What a channel strip is: The heart of any multichannel mixer; vertically groups settings and processing for a channel
How to use it: Set up inputs and outputs, then add effects (via inserts /sends)
When you'll use it: Any time you want to set up an input/output or software instrument for use, for setting individual channel level and pan, and for adding effects
For the purposes of applying real-time effects, we'll be working with channels, because by definition signal is routed into and out of an effect via a channel. Having channels is essential to organizing which effects will be applied to which signals: for instance, the signal on one channel might be a vocal, on another it might be a guitar solo. (Channels should not be confused with tracks: a track is a location in software or another storage medium into which signals can be recorded and on which sound files can be positioned for playback. For more on tracks, see Chapter 10.)
Traditional hardware mixers make it easy to evaluate and adjust settings for each channel of your mix, because they align faders and knobs visually in vertical columns . In one way or another, nearly all software that works with multiple audio channels has adopted this basic model, which is called a channel strip ( Figure 7.5 ). At its heart is the simplest of all signal processors, the level fader, which does nothing other than change the level (gain) of the signal fed through it.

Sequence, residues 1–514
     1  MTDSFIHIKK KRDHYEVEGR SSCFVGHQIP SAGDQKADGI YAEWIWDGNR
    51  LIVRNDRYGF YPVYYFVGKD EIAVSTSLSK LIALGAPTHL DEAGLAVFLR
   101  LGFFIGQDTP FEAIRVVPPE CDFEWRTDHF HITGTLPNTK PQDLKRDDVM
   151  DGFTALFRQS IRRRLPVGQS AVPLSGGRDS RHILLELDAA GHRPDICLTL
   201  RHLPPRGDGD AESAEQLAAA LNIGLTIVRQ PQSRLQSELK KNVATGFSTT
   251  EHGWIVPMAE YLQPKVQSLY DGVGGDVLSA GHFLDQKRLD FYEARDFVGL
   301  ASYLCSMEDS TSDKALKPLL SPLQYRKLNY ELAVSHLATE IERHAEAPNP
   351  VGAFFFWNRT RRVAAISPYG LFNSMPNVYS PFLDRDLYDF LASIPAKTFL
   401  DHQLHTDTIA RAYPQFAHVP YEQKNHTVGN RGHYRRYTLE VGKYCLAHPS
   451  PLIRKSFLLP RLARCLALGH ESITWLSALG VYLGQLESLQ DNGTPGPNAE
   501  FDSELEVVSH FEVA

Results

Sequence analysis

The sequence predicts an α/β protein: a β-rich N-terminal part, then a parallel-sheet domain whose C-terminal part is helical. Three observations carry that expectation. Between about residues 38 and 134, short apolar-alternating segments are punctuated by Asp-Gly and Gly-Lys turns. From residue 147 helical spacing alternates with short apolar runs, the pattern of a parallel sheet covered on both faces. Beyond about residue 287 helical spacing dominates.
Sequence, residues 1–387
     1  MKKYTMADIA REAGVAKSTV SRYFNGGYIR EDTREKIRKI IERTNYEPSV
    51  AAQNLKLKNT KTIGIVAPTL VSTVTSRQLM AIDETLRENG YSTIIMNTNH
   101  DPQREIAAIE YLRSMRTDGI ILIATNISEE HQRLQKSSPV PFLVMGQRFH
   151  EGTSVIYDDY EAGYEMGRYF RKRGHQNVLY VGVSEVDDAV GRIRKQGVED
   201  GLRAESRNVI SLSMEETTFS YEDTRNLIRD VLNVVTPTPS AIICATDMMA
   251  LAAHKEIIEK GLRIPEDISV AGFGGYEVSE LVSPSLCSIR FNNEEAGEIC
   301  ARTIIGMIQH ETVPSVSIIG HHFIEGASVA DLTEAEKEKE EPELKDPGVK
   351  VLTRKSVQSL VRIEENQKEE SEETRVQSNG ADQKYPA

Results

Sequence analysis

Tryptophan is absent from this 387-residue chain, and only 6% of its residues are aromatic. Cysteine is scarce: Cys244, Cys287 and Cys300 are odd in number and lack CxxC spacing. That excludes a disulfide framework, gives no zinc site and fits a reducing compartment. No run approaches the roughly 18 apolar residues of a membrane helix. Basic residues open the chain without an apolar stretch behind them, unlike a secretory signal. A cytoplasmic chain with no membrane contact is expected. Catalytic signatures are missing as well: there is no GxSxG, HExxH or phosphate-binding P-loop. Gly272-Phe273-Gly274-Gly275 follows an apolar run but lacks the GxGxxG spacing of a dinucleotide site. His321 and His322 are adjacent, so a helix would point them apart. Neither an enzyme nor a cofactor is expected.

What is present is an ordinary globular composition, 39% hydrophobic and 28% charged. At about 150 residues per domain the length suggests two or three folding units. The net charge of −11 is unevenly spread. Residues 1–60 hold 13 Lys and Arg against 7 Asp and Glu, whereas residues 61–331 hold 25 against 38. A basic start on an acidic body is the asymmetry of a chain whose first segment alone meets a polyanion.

Input and output signal routings
Gain is the level (or strength) of a signal. In computer software or audio equipment, gain is the technically correct term for adjusting signal strength, not "volume," since the signal doesn't become actual sound until it reaches speakers or headphones.
Channel strips also show effects routing via two ways of adding signal processors: inserts (for modifying sound on a channel) and sends (which can be used to route sound from multiple channels to a single effect).
An insert is so named because it is "inserted" into the signal path. The entire audio signal passing through the channel strip is routed into the insert, is modified in some way, and is then passed on to the channel's fader and output bus. In other words, you use an insert to modify sound before it reaches the fader ( Figure 7.6 ). With multiple inserted effects, a signal can be fed through multiple processors in sequence.
Inserts are most useful with processors that need to be applied to a specific channel in order to shape that channel's whole sound, such as filters, chorusing, and delay.
Wet/dry balance: Some effects let you choose how much of the dry (original source) sound you use versus the amount of wet (modified) sound you use; the wet/dry blend is routed to the effect's output.